The Ultimate Guide to Blue Light Glasses
The ultimate guide to blue light glasses
Digital screens (like phones and laptops) all emit blue light. Too much of this light can interrupt our circadian rhythm, make us feel tired, and cause digital eye strain.
Blue light glasses contain a filter specifically designed to reduce the amount of this light entering your eyes.
What is blue light?
Time for a quick science lesson… Blue light sits towards the UV end of the visible light spectrum and naturally comes from the sun.
During the day there is an abundance of it around, even on a cloudy Autumn’s day, and this causes the body to produce hormones (like cortisol) which make us feel awake.
Then in the evening, as the sun sets and blue light is significantly reduced, our bodies can begin preparing for a night of good sleep quality.
Is blue light bad for you?
The screens of our laptops, smartphones, iPads, tablets, and so on, also emit blue light rays (although at a lower rate than the sun). As a result, if you’re working in front of a computer screen late in the evening, blue light can disrupt your body’s natural circadian rhythm and sleep quality.
Ever spent a long day in front of a digital screen and suffered from eye fatigue, poor sleep quality, headaches or migraines? Don’t worry. You’re not alone.
How does blue light affect your eyes?
It’s very easy for blue light to enter your eyes as it has a short wavelength. This means it can pass through your cornea and lens and into the retina.
Some experts suggest this can lower eye health and damage the cells in your retina, although the research on this is insufficient at the moment.
Why’s everyone talking about blue light glasses now?
Even before lockdowns and working from home, we were all spending more time looking at digital screens. That has gone up again in the past 12 months, and the proximity of screens to our eyes has led to concerns about the long-term effects of blue light on eye health.
How do blue light glasses help?
First off, these glasses have many different names such as blue light filters, computer-use lenses, or screen glasses. To avoid confusion, at Finlay we talk about adding a blue light filter to your glasses.
Applying this filter to the lenses of your glasses blocks a high percentage of blue light rays from entering your eyes. This can regulate your eyes’ daily intake of it, helping you improve sleep quality.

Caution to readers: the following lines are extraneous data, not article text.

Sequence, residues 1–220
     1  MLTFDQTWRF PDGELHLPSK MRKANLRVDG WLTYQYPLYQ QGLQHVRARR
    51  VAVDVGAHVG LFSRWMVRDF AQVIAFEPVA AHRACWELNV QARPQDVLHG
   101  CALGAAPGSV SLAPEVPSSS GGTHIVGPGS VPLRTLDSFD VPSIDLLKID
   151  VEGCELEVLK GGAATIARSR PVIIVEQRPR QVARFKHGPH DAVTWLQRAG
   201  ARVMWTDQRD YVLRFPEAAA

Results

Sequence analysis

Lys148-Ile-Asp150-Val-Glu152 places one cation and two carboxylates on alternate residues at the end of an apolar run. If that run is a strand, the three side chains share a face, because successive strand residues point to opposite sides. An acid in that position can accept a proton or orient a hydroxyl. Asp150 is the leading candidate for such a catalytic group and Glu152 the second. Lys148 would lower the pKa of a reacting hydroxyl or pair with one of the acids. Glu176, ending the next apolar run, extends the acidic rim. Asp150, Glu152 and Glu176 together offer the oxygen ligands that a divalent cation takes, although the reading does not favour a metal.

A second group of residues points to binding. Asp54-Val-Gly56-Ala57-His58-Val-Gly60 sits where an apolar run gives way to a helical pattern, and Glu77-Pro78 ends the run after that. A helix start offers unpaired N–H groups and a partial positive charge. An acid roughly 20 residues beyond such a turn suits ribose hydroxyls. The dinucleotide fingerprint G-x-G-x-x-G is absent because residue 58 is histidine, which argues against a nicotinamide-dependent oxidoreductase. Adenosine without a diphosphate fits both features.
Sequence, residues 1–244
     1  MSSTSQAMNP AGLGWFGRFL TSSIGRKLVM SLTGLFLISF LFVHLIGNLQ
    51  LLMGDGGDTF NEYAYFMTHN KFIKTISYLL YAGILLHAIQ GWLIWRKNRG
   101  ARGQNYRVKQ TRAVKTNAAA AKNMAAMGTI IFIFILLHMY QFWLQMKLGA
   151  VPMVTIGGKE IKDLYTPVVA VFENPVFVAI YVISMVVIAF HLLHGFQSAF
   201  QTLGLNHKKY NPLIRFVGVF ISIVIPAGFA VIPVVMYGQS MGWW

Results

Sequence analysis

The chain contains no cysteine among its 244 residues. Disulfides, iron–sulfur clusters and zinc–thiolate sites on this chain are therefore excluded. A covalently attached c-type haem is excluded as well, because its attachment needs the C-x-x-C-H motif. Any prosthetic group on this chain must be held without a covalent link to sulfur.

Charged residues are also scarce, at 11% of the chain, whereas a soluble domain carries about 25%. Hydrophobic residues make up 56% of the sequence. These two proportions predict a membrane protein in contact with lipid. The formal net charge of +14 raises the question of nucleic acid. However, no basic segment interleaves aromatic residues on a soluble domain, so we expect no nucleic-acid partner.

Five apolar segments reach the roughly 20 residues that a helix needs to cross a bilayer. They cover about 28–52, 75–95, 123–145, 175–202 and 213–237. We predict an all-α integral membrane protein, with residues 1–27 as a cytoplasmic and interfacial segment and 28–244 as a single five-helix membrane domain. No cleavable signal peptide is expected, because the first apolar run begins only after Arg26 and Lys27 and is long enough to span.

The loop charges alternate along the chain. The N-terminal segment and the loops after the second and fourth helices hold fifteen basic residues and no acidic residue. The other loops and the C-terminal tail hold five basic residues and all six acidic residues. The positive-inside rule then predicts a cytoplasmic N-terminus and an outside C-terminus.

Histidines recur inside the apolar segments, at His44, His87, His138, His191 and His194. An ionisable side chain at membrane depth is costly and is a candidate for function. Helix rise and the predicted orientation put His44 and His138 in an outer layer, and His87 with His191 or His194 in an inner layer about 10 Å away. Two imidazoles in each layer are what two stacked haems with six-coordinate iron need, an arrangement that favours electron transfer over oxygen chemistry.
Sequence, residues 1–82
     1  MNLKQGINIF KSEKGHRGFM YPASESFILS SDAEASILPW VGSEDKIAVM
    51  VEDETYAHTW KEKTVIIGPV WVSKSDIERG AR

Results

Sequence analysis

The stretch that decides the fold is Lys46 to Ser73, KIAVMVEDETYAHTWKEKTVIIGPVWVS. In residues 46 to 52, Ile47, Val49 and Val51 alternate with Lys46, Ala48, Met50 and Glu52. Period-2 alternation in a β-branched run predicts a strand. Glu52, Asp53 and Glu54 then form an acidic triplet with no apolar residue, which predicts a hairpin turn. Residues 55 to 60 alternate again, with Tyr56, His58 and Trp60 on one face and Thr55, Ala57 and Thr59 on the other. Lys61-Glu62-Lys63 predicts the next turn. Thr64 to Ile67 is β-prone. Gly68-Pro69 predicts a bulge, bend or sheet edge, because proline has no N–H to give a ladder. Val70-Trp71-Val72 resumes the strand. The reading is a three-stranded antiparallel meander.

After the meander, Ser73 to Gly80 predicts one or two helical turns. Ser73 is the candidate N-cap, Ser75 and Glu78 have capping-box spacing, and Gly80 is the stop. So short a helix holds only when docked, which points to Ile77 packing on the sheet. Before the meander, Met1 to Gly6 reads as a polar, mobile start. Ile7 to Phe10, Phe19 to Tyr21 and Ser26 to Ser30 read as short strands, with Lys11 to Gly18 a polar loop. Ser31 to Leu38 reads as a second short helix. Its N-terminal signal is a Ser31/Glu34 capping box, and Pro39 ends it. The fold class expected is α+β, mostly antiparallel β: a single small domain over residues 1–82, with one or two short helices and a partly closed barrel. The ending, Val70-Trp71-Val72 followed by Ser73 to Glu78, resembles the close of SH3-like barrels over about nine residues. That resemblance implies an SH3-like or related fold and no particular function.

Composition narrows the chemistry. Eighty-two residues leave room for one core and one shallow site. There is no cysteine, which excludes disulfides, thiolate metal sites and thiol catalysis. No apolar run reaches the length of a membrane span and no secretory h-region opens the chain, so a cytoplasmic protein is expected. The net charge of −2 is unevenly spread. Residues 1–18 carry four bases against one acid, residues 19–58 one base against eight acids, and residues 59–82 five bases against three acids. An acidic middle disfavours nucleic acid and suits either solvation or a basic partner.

Are blue light lenses proven to work?
This is still up for discussion amongst optometrists and spectacle-wearers. Current research doesn’t prove that modern digital displays emit enough blue light to be harmful. However, continuous screen use does increase light scatter and affect our focus, so reducing our exposure to it can improve focus.
Do blue light blocking glasses help with eye strain?
Again there is no concrete evidence for this but it’s worth saying that eye strain can occur for numerous reasons.
Looking at a screen for too long can lead to eye fatigue. Sitting too closely to digital screens can cause strain in your eye muscles. Or just having the glare of your glasses reflect onto your screen can lead to squinting and eye fatigue.
Should you get blue light glasses?
If you rely on seeing true colour when working on the computer (like a photo editor or graphic designer) then take note: blue light filter lenses have a light blue, or sometimes yellowish tint, to them. So if you need colour accuracy we don't recommend adding the filter.
Otherwise, if you’re worried about the effect of digital screens on your eyes then a blue light filter is a good place to start. The lenses filter out the light rays, helping to prevent them from entering your eye and causing potential damage.
Do blue light filters affect your prescription?
Nope. The filter we add is a premium coating perfect for regular screen users. If you have any questions or concerns then you can always get in touch.
Are blue light glasses blue?
No. They look and feel pretty much exactly the same as your normal glasses. The lenses have a slight yellowish tint to them but typically you won’t notice this.
Can you add a blue light filter to Finlay glasses?
Yep! Once you’ve selected your glasses and lenses (whether prescription or no prescription), you can add additional extras like engraving or nose pads. One of those extras is a blue light filter which costs £35.
Want more info? Get in touch or pop by one of our stores for a chat.